This fascinating book, Daily Rituals: How Artists Work shares quick 5-10 paragraph stories of the rituals of over 161 creative artists. Writers, choreographers, and painters are included with perhaps a heavy leaning towards writers (just because I guess they write about it.) Today's book review gives teachers who inspire creativity an arsenal of stories of the greats of history.
Who will like Daily Rituals?
While this is NOT necessarily a book for kids (Thomas Wolfe's habits are a bit over the top, but then again, he was Thomas Wolfe.) This is definitely a book for literature teachers and those teaching students creativity.
It is notable that not every artist had a ritual all of the time, but when they produced work, they most certainly did have one. For me, it has challenged me to find and develop my own rituals to help me be more creative. I was struck by how many of the highly creative artists walked. Dickens took a 3 hour walk through the streets or countryside starting promptly at 2pm every day or Tchaikovsky's two hour walks each day when he was often known to scribble down ideas as he walked.
It was also interesting to me how Agatha Christie balanced her home life and writing (flitting in and out of her family life and writing, she seems to have struck the ultimate balance of productivity and writing.)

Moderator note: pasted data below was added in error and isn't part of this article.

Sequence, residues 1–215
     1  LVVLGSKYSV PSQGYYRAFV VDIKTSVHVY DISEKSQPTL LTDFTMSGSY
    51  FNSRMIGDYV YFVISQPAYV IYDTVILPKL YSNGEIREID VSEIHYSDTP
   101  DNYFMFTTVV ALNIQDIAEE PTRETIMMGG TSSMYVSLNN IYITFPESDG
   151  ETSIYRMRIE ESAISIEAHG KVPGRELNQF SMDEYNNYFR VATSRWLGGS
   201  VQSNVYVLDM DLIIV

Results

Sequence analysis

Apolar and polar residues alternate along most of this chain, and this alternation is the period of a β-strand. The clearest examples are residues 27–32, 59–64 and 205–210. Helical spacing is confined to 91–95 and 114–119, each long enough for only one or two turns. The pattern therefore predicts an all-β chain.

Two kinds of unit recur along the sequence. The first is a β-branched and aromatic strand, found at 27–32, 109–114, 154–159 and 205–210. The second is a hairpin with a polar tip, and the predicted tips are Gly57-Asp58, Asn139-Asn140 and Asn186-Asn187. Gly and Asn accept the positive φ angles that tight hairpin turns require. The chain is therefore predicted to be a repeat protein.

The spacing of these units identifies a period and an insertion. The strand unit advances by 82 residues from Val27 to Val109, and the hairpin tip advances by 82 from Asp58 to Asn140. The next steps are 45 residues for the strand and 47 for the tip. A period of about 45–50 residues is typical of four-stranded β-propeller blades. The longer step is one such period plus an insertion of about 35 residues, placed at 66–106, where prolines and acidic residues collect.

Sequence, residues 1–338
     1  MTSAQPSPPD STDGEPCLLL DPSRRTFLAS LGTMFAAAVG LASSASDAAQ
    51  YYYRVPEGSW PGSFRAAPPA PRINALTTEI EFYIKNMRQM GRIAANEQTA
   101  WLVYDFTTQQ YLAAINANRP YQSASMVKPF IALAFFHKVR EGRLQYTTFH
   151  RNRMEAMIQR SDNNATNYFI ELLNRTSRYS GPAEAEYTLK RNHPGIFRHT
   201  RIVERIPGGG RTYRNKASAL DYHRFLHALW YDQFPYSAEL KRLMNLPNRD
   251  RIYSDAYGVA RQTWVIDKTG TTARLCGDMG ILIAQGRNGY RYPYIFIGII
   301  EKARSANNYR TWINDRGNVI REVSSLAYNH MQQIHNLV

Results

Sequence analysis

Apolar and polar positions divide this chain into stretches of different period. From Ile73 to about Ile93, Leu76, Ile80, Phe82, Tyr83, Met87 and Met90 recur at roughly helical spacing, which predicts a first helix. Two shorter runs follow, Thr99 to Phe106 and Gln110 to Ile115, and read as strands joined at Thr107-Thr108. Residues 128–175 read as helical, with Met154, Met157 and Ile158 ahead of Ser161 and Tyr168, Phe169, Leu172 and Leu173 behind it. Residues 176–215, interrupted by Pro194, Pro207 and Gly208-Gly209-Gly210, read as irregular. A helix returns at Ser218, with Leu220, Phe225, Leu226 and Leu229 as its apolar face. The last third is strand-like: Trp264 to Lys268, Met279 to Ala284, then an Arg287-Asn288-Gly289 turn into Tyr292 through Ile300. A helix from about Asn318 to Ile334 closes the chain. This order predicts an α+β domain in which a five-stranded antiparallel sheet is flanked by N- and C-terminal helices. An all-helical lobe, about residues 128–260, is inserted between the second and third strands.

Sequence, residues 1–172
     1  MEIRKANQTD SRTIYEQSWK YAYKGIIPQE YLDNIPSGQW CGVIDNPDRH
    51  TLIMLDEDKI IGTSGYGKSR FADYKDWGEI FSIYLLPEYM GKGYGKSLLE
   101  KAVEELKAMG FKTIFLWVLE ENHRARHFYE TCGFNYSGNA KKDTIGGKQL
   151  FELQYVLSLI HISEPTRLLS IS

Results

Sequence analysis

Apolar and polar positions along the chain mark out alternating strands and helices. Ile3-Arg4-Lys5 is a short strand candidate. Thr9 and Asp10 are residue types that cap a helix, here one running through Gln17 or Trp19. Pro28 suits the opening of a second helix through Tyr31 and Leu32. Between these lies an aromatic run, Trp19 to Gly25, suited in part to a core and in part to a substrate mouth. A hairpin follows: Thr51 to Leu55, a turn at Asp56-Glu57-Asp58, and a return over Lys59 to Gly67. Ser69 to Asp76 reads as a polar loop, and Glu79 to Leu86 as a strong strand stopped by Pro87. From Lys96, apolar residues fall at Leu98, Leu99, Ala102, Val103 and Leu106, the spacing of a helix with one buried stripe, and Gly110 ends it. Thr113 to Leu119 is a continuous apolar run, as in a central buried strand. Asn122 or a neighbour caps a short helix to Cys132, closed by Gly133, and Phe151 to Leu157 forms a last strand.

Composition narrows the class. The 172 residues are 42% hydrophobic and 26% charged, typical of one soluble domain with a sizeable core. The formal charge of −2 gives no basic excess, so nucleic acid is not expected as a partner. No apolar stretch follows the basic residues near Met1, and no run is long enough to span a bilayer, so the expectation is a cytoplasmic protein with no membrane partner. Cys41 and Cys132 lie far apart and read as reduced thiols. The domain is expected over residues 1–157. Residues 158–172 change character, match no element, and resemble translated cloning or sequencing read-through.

Of course, many artists had their share of addictions with alcohol and amphetamines being among the top habitual excesses.
My Book Review of Daily Rituals
Overall I found the book fascinating just because I write. This book is an enjoyable read, very fast paced, and sometimes I'm left wanting to know more about some of these artists but that is the intent of the book.
Because the chapters are very short, you can also pick it up and put it down easily, so it would be perfect reading for your break or lunch. I do recommend reading this on ebook because I've already found myself going back and searching the text for stories and ebook searches are faster.
This is one literature, art, dance, and music teachers will want to reference because storytelling is often a powerful underpinning of great teaching. Daily Rituals: How Artists Work by Mason Currey is an intriguing book and I read every page. I'm keeping it on my Kindle as a reference book.